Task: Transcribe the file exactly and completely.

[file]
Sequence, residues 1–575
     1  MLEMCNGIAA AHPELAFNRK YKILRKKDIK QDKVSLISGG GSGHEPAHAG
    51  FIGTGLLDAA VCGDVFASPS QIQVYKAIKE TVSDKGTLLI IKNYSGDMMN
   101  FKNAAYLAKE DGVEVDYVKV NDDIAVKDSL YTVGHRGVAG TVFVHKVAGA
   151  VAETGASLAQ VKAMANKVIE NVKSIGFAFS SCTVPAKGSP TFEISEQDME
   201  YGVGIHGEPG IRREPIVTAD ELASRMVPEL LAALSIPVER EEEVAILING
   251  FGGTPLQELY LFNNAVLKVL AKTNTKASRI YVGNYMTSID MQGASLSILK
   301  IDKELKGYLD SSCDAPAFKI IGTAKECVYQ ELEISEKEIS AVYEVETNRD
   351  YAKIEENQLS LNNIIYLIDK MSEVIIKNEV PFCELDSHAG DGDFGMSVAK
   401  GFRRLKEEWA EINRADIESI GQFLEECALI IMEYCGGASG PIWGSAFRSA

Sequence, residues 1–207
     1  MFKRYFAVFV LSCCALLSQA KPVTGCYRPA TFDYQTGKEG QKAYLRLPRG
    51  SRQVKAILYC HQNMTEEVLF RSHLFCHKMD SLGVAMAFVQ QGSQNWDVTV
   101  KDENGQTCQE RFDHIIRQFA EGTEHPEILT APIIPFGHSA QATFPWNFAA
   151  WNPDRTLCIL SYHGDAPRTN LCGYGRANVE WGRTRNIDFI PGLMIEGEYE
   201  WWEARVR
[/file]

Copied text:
Sequence, residues 1–575
     1  MLEMCNGIAA AHPELAFNRK YKILRKKDIK QDKVSLISGG GSGHEPAHAG
    51  FIGTGLLDAA VCGDVFASPS QIQVYKAIKE TVSDKGTLLI IKNYSGDMMN
   101  FKNAAYLAKE DGVEVDYVKV NDDIAVKDSL YTVGHRGVAG TVFVHKVAGA
   151  VAETGASLAQ VKAMANKVIE NVKSIGFAFS SCTVPAKGSP TFEISEQDME
   201  YGVGIHGEPG IRREPIVTAD ELASRMVPEL LAALSIPVER EEEVAILING
   251  FGGTPLQELY LFNNAVLKVL AKTNTKASRI YVGNYMTSID MQGASLSILK
   301  IDKELKGYLD SSCDAPAFKI IGTAKECVYQ ELEISEKEIS AVYEVETNRD
   351  YAKIEENQLS LNNIIYLIDK MSEVIIKNEV PFCELDSHAG DGDFGMSVAK
   401  GFRRLKEEWA EINRADIESI GQFLEECALI IMEYCGGASG PIWGSAFRSA

Sequence, residues 1–207
     1  MFKRYFAVFV LSCCALLSQA KPVTGCYRPA TFDYQTGKEG QKAYLRLPRG
    51  SRQVKAILYC HQNMTEEVLF RSHLFCHKMD SLGVAMAFVQ QGSQNWDVTV
   101  KDENGQTCQE RFDHIIRQFA EGTEHPEILT APIIPFGHSA QATFPWNFAA
   151  WNPDRTLCIL SYHGDAPRTN LCGYGRANVE WGRTRNIDFI PGLMIEGEYE
   201  WWEARVR